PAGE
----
My excitement over this milestone for my entire family turned into anxiety during the second week of school. I felt lost, uncertain of how to study or choose a major I imagined would determine my future. I could ask my classmates or professors for advice, I told myself, but they must be overwhelmed with their own workload. I could not add to their burden. I told myself that I was not worth their time. Instead, I studied the old-fashioned way, reading textbooks front to back.

This strategy — handling problems on my own to avoid asking for help — only created more anxiety and deprived me of valuable social connections. I felt isolated and doubted whether I even belonged in college. I seriously considered dropping out, though I never told a soul. No one has time for emotional pleas, I reminded myself as I thought back to a childhood of silently accepting eviction and foreclosure notices. It was all about survival. And would my friends even understand what it’s like to debate choosing a major based on post-college earning potential so that I could financially support my family? I could not add to their burden. I was not worth their time.


People like me who grew up poor often learn not to ask for more than they receive. It’s a visceral restraint, and it’s not always easy to explain to someone who grew up never having to ask whether or not their family could afford the cheese on the fast-food burger. If they wanted the cheese, they got it.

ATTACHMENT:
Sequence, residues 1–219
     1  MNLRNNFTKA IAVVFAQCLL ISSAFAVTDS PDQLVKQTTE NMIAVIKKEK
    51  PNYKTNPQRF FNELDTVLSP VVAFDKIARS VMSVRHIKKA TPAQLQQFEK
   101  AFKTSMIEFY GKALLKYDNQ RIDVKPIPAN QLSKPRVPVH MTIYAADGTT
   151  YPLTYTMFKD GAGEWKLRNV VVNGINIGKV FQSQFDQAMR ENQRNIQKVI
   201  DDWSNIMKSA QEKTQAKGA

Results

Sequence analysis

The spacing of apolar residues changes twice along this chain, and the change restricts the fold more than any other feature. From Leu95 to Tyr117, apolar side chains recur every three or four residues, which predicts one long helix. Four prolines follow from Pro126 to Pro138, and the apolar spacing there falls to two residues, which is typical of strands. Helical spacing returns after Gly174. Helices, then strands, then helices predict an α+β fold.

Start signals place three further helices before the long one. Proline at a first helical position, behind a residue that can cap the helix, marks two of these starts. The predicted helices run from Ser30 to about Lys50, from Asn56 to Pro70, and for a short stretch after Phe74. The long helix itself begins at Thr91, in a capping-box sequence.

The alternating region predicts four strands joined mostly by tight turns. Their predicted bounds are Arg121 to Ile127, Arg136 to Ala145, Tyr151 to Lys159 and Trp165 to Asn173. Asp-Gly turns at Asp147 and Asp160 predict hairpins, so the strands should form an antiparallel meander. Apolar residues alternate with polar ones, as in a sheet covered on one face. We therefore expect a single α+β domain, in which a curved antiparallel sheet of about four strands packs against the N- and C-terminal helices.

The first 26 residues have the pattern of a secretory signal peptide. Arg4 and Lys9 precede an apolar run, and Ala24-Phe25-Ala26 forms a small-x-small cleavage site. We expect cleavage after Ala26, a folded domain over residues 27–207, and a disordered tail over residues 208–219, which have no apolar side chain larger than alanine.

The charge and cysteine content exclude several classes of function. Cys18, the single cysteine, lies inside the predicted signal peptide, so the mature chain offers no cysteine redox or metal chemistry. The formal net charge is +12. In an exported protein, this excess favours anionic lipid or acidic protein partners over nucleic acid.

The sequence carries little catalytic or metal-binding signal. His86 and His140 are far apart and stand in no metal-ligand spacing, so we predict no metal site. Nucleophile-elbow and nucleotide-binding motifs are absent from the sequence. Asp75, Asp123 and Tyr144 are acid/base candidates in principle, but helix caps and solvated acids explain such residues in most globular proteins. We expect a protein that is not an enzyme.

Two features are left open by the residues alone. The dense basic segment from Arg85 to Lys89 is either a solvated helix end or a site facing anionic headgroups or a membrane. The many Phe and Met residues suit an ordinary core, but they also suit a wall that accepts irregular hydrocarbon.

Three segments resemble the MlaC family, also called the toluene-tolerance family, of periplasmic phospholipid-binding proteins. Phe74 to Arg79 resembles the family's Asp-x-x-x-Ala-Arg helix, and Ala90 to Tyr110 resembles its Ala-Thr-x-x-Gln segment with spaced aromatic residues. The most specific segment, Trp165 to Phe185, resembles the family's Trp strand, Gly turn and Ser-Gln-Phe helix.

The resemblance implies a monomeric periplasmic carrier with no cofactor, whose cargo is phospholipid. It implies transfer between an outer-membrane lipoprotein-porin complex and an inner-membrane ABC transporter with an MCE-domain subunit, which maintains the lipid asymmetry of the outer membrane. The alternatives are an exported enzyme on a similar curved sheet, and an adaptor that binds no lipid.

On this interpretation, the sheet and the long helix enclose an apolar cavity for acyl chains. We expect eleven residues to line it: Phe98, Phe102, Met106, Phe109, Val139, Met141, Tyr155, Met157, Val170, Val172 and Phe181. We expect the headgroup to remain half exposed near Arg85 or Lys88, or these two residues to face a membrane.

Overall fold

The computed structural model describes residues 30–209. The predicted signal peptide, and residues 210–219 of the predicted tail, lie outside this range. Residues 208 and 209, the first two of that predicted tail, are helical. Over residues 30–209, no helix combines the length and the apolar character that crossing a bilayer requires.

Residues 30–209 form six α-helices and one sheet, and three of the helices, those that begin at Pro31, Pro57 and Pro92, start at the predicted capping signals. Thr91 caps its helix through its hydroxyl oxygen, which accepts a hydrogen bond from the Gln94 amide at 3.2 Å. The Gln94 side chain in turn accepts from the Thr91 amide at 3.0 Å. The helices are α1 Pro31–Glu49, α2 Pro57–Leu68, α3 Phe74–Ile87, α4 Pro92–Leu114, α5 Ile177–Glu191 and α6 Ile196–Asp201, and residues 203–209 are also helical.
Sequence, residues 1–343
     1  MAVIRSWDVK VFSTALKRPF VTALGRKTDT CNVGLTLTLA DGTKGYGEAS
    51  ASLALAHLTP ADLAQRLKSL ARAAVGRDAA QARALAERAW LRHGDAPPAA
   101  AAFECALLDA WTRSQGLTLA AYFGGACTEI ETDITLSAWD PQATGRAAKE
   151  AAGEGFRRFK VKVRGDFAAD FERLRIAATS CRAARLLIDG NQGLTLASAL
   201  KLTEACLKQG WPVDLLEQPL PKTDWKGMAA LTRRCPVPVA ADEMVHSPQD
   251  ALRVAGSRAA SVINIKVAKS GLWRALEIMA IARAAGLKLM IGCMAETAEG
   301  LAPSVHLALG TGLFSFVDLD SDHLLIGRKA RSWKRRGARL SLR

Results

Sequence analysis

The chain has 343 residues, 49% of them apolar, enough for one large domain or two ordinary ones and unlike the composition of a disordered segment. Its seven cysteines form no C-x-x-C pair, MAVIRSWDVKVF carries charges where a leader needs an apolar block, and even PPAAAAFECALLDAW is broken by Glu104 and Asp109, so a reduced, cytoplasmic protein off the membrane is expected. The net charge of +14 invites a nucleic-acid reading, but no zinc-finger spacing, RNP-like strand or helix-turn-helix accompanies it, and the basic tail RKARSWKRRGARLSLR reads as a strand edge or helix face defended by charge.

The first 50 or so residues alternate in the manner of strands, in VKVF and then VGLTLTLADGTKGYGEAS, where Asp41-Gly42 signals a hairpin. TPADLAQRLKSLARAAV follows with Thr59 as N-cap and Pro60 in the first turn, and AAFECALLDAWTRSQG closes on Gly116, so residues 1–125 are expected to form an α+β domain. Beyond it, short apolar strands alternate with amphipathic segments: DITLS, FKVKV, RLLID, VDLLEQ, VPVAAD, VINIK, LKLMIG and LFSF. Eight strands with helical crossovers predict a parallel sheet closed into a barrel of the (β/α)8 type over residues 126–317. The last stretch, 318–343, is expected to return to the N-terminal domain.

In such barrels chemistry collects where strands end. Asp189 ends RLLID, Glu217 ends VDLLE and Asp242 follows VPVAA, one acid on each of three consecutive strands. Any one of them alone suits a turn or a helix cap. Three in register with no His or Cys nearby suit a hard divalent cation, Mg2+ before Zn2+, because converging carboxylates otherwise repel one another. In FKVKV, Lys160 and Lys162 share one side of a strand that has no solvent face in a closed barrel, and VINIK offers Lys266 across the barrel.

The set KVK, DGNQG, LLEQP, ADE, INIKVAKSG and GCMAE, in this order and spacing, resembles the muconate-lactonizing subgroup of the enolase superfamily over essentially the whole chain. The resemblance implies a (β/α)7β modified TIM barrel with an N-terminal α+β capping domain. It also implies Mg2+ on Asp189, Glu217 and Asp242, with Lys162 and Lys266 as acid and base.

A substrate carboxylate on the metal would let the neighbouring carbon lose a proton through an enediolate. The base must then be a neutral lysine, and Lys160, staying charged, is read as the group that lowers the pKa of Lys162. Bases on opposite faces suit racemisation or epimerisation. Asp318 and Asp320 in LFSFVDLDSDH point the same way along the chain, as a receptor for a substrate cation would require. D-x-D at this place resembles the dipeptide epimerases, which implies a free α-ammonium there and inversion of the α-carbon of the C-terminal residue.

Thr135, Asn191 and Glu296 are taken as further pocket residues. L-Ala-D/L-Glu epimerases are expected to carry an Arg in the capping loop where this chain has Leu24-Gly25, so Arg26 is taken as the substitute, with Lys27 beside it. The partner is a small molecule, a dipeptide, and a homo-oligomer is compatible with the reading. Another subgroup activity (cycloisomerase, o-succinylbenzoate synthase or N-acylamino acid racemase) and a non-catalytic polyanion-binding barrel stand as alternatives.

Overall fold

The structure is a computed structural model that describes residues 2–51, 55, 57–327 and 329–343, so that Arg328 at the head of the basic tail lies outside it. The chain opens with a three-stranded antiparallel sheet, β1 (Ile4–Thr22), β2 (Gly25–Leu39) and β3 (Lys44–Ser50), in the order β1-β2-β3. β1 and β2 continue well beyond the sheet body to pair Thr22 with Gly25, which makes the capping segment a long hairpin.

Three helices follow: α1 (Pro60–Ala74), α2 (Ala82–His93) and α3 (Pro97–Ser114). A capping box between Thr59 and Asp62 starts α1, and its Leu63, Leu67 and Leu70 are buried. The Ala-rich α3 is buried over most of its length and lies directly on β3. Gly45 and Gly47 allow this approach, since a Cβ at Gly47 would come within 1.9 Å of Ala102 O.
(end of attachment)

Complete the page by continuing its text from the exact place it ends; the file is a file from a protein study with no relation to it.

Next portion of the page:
My instinctive reluctance to ask changed when I started medical school and the value of asking became more apparent. During my clinical year, another medical student and I did our hospital rounds with the medicine team at 7 o’clock every morning. When we rounded on patients not under our direct care, the junior doctors took the lead. I stood quiet, observing, grateful to be in the same room as these physicians and patients who allowed me to hear their stories, to be part of their lives.

“Can I listen to your heart?” the other medical student asked one morning. “Yes, of course,” the patient responded. Glancing over at me, the patient said, “Do you want to listen, too?” I grabbed the stethoscope off my shoulders and carefully placed the diaphragm over her heart. “Lub-dub, lub-dub,” I heard, before thanking the patient for her time. As the doctors finished her physical exam, I could not fathom how many hearts I had failed to auscultate simply because I did not ask. How many learning opportunities had I missed? Maybe asking did not always impose a burden on people, I thought. Maybe asking was for the better.